Now, however, I am once again ready to proceed with my first build and, like a lot of inexperienced builders, I have started with the gun.

Most of the outer components are ready for assembly and, whilst experimenting with the inner mechanism, I believe that I may well have solved the mystery of the obviously different appearance of the earlier type used between THE DEAD PLANET and THE DALEK'S MASTERPLAN.

Looking at the photos below you can see (#1 & #2) two test mechanisms I've made - one is the standard, four petal 'flip out' style used from 1966 to 1975 but the other is my reconstruction of the earlier 'claw type' style based on multiple screen grabs and slow motion viewings.

The long, pointed 'petals', which curve outwards but then sharply fold back inwards, protrude ahead of the 'knitting needle' inner rod when just appearing or nearly retracted - exactly as in the picture (#3) of an original, early gun in action:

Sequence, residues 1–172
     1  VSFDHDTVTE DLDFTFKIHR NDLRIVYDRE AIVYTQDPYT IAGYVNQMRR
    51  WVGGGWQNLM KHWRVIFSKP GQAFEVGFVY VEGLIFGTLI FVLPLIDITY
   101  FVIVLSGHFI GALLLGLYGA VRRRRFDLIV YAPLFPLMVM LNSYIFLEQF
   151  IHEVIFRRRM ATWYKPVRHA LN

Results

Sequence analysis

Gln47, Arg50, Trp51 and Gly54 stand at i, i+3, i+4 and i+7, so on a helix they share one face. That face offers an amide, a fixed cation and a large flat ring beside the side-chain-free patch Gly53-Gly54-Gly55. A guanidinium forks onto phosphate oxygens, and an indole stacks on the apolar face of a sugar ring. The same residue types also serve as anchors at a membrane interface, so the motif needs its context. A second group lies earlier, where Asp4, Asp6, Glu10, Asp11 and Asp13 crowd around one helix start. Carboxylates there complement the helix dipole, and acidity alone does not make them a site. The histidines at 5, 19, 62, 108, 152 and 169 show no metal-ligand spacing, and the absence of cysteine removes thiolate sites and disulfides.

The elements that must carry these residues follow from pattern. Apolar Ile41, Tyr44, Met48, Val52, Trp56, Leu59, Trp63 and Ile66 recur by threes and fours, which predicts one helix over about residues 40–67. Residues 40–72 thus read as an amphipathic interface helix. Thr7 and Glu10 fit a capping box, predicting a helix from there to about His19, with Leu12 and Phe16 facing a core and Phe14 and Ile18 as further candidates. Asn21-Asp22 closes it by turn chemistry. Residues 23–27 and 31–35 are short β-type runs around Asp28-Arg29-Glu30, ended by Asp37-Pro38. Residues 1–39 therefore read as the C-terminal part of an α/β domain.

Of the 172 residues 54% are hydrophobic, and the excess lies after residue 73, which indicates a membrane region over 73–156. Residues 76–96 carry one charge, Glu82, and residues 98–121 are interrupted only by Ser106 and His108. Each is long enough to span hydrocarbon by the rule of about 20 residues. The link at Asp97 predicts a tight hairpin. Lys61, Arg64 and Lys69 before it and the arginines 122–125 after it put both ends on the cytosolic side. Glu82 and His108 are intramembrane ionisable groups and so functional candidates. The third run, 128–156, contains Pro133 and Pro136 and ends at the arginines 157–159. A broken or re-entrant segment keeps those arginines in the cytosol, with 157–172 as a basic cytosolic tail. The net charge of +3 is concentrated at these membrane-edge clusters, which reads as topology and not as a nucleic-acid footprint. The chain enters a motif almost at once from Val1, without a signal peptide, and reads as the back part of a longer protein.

Also, when partially - but not fully - extended from the barrel this mechanism perfectly emulates the 'diamond shaped extension' previously discussed in this thread (#4 & #5). This is simply the inner dowel slipping out when the gun is pointing downwards (as shown in the various pictures posted earlier).
The last shot is of the mechanism fully extended (#6).

Over time, it would be easy for this fairly fragile structure to get warped and twisted (as evidenced in several screen grabs) which is why I believe the BBC simply cut off the ends from POWER OF THE DALEKS onwards, leaving the simpler 'flip out' style.

(After my original posting, I've added an additional, slightly better shot (#7) of the original 'petals' from THE CHASE.)

post-122-0-64665900-1397115765_thumb.jpg post-122-0-47671400-1397115767_thumb.jpg post-122-0-55093900-1397115768_thumb.jpg post-122-0-76804600-1397115769_thumb.jpg post-122-0-73364600-1397115770_thumb.jpg post-122-0-70919600-1397115771_thumb.jpg post-122-0-91197000-1397115772_thumb.jpg

Edited by AdamSt
MASSIVE photos re-sized